After the Civil War, abolitionist and suffragist Susan B. Anthony continued to tap the Declaration’s powerful rhetorical logic and emotion.
“‘Governments derive their just powers from the consent of the governed.’ This is the fundamental principle of democracy,” Anthony proclaimed, borrowing another phrase from the Declaration.
“Women and colored men are loyal, liberty-loving citizens, and we cannot believe that sex or complexion should be any ground for civil or political degradation.”
She believed it was time to put the Declaration into practice for all Americans.
“We respectfully and earnestly pray that, in restoring the foundations of our nationality, all discriminations on account of sex or race may be removed; and that our government may be republican in fact as well as form; A government by the people, and the whole people, for the people and the whole people.”
The abolition and women’s suffrage movements came to fruition through the 13th, 14th, 15th, and 19th Amendments to the Constitution. These amendments abolished slavery, declared freed slaves to be U.S. citizens, protected voting rights for black men and eventually voting rights for all women.
Ida B. Wells-Barnett, a former slave, suffragist and anti-lynching activist, had a healthy perspective about the Declaration of Independence’s influence on civil rights.
“The flower of the 19th century civilization for the American people was the abolition of slavery and the enfranchisement of all manhood. Here at last was squaring of practice with precept, with true democracy, with the Declaration of Independence and with the Golden Rule.”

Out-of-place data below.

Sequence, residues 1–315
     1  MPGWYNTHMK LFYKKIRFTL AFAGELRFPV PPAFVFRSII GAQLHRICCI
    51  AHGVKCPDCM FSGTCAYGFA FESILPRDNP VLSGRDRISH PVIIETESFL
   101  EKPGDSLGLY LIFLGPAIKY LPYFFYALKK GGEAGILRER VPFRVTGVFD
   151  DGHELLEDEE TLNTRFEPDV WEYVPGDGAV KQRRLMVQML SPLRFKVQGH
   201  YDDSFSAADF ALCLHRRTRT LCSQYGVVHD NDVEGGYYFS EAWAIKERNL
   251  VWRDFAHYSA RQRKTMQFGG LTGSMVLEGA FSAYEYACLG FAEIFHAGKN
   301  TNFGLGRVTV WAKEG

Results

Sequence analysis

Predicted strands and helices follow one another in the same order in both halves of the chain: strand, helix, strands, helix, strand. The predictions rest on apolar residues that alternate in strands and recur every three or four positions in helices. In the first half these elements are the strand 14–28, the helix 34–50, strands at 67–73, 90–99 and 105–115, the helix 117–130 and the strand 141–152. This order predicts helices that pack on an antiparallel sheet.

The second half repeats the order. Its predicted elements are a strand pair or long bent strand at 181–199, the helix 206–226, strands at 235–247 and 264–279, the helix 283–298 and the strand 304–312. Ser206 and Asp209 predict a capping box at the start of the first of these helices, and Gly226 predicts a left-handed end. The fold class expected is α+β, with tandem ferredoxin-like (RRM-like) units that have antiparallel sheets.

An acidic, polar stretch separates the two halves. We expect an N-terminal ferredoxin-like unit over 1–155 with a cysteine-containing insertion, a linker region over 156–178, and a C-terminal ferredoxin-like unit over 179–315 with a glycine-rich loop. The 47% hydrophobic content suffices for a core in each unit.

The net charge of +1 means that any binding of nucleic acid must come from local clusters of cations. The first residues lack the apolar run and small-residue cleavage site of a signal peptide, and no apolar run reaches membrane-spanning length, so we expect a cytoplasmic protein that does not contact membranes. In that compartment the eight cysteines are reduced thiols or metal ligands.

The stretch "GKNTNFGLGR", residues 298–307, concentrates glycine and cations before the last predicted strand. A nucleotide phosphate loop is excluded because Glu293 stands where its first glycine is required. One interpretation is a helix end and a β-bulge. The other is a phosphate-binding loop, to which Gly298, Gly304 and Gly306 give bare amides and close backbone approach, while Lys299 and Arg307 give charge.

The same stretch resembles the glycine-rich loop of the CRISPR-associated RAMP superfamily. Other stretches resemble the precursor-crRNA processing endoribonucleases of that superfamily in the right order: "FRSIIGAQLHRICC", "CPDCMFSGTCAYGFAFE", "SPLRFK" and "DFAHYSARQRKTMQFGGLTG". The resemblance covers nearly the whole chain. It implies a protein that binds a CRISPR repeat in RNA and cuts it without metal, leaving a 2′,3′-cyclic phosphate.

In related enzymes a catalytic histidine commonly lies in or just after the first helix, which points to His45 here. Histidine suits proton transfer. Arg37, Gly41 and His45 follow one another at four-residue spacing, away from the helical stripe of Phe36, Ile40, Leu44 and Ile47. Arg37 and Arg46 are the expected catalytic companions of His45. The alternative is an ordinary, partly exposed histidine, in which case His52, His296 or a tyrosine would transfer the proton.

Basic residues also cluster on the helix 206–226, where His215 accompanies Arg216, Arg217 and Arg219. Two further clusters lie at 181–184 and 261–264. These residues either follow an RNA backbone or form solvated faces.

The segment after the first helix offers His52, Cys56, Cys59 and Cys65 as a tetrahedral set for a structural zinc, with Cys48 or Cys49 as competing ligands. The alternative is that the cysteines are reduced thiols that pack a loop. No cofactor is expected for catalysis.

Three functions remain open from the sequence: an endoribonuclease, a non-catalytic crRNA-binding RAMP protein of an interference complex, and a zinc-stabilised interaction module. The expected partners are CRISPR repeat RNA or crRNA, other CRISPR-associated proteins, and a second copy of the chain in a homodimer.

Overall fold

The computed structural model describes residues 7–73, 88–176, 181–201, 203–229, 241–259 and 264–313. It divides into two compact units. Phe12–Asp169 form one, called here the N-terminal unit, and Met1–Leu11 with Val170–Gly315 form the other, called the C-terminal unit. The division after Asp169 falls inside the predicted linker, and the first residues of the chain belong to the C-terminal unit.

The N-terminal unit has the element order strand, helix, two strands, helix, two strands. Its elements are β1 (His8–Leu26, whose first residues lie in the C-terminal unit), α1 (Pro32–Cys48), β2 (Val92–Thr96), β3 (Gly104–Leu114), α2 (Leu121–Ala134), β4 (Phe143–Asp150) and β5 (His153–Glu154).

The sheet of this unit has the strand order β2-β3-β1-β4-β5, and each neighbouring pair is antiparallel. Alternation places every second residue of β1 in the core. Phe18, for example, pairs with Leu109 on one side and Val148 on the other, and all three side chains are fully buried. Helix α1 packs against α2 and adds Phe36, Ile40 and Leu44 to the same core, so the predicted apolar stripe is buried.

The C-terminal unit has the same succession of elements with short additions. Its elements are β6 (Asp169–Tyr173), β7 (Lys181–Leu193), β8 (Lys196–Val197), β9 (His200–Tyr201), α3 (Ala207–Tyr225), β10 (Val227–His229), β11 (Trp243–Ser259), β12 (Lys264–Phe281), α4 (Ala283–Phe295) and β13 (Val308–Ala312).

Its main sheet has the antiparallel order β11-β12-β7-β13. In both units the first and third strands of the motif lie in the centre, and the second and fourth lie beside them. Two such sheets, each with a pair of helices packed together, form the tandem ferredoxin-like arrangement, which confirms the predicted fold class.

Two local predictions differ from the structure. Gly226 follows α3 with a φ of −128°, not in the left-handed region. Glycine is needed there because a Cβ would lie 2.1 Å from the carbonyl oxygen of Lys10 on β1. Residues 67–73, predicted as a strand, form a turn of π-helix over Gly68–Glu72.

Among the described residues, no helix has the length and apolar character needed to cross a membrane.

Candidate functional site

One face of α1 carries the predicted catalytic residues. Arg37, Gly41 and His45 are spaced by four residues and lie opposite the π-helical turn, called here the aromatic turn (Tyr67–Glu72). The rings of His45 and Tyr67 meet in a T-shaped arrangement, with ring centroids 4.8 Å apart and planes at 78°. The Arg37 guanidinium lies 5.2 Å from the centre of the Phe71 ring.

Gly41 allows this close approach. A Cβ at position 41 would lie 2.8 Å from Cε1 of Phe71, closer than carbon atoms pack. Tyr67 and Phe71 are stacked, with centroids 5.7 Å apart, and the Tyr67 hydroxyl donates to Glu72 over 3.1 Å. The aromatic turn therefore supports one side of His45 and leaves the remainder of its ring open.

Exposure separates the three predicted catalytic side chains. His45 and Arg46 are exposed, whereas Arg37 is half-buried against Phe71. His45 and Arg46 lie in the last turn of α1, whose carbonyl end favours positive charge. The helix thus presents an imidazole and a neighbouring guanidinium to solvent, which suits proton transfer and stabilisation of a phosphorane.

The Declaration’s influence on civil rights, however, was not over.
“But 100 years later, the life of the Negro is still sadly crippled by the manacles of segregation and the chains of discrimination,” Martin Luther King, Jr. declared in his 1963 “I Have a Dream” speech. King looked to the Declaration of Independence as he spoke to thousands on the National Mall in Washington D.C.
“When the architects of our republic wrote the magnificent words of the Constitution and the Declaration of Independence, they were signing a promissory note to which every American was to fall heir. This note was a promise that all men — yes, black men as well as white men — would be guaranteed the unalienable rights of life, liberty, and the pursuit of happiness,” King proclaimed.
Although he believed that America had defaulted on that promissory note for black Americans through Jim Crow laws, he didn’t believe that America was bankrupt from its founding promise. Because of King, Congress passed the Civil Rights Acts of the 1960s and tore down systemic racist laws.
As we celebrate America’s birth this July 4, let us remember these great civil rights movements that the Declaration of Independence birthed. If any movement or ideology, such as critical race theory, isn’t rooted in our Declaration’s founding philosophy that all are created equal, then it is not worth pursuing and could be a Trojan horse of tyranny.